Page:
"VT Gov. Shumlin on “Our Continuing Irrational Exuberance About Burning Fossil Fuels, in Light of These Storm Patterns”"
Vermont Governor: “We’ve got to get off fossil fuels as quickly as we know how, to make this planet livable for our children and our grandchildren.”
Below the jump is a guest post, “Surviving My Own Predictions: A Vermont Climate Scientist Faces Hurricane Irene.”
A house in Sharon, Vermont, that started out the week on the other side of this underpass, via Masters.
The storm of the century — at least for large parts of New England — is over. But Irene’s 1-in-100 year deluge leaves devastation in its wake. Meteorologist and former hurricane Hunter Dr. Jeff Masters summed it up this way yesterday:
Record flooding continues in the Northeast from Irene’s torrential rains. Hardest hit was Vermont, where heavy rains in the weeks prior to Irene’s arrival had left soils in the top 20% for moisture, historically. Irene dumped 5 – 8 inches of rain over large sections of Vermont, with a peak of 11.23″ at Mendo. The reading from Mendo was the greatest single-day rainfall in Vermont’s history…. beating the 9.92″ that fell at Mt. Mansfield on 9/17/1999 during the passage of Tropical Storm Floyd.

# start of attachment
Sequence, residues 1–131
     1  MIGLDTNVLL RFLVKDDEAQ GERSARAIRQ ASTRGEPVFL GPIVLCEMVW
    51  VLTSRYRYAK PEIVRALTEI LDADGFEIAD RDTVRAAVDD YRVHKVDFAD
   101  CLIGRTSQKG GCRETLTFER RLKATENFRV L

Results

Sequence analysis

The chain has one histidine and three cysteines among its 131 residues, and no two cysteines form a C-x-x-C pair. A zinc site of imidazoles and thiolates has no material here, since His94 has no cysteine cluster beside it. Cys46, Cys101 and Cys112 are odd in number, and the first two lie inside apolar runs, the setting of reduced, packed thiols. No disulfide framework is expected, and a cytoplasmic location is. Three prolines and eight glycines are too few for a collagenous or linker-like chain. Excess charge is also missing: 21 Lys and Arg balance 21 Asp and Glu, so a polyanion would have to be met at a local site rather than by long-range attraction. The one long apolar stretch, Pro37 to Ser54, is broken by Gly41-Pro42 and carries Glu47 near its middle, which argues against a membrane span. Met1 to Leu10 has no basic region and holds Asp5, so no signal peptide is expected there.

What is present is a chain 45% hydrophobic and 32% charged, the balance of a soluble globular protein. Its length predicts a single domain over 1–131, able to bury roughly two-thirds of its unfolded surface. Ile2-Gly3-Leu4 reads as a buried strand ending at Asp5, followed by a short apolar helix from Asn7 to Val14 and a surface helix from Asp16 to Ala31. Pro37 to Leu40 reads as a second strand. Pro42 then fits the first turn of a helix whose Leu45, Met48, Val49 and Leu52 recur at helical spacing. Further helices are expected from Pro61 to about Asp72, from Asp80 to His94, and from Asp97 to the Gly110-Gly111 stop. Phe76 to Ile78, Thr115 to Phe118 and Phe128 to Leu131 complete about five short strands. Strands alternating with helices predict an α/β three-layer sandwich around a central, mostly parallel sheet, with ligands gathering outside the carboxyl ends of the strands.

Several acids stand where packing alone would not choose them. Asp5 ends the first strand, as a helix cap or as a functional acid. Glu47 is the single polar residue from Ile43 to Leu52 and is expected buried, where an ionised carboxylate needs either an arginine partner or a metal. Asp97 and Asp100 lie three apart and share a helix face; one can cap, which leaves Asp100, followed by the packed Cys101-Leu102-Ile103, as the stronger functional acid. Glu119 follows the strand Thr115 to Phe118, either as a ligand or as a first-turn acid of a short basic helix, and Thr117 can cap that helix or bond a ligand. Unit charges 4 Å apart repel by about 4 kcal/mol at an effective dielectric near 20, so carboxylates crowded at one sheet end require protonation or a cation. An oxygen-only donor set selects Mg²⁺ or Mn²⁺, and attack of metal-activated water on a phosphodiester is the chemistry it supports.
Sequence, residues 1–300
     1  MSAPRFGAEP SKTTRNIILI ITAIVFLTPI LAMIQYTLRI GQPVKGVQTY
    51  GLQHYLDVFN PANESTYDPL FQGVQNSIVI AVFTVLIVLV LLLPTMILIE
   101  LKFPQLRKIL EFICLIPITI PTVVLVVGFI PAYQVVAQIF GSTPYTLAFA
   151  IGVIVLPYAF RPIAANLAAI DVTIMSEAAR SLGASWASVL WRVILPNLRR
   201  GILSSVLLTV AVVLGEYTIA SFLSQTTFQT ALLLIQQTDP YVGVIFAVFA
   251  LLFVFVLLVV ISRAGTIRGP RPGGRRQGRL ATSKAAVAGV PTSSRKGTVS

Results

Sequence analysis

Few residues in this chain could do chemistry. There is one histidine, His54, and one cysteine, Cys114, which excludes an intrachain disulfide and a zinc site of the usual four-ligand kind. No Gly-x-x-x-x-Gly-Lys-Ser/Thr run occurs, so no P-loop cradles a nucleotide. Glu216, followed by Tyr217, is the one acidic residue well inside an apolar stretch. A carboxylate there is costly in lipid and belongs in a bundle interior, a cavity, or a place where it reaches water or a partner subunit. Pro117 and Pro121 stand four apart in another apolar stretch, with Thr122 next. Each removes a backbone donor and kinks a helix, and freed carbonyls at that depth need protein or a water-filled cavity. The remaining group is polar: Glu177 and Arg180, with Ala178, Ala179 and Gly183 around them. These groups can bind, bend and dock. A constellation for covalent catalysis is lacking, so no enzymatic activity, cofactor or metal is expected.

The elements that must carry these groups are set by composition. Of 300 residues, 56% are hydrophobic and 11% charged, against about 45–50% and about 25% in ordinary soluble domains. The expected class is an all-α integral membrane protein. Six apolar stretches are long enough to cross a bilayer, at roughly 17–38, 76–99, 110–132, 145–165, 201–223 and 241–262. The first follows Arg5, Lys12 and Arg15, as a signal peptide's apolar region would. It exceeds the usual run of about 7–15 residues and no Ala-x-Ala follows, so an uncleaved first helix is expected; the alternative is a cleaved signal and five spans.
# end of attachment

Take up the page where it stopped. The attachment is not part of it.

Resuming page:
Governor Peter Shumlin (D-VT) spoke Tuesday about the danger human-caused climate change poses to his state and others:
I find it extraordinary that so many political leaders won’t actually talk about the relationship between climate change, fossil fuels, our continuing irrational exuberance about burning fossil fuels, in light of these storm patterns that we’ve been experiencing.
We had storms this spring that flooded our downtowns and put us through many of the same exercises that we’re going through right now. We didn’t used to get weather patterns like this in Vermont….
We in the colder states are going to see the results of climate change first… Myself, Premier [Jean] Charest up in Quebec, Governor [Andrew] Cuomo over in New York, we understand that the flooding and the extraordinary weather patterns that we’re seeing are a result of our burnings of fossil fuel. We’ve got to get off fossil fuels as quickly as we know how, to make this planet livable for our children and our grandchildren.
What follows is a guest post by Dr. Elizabeth R. Sawin of Hartland, Vermont. Sawin is Co-Director of Climate Interactive, a non-profit organization that creates computer simulations of climate and energy policy in the U.S. and around the world – ClimateInteractive.org.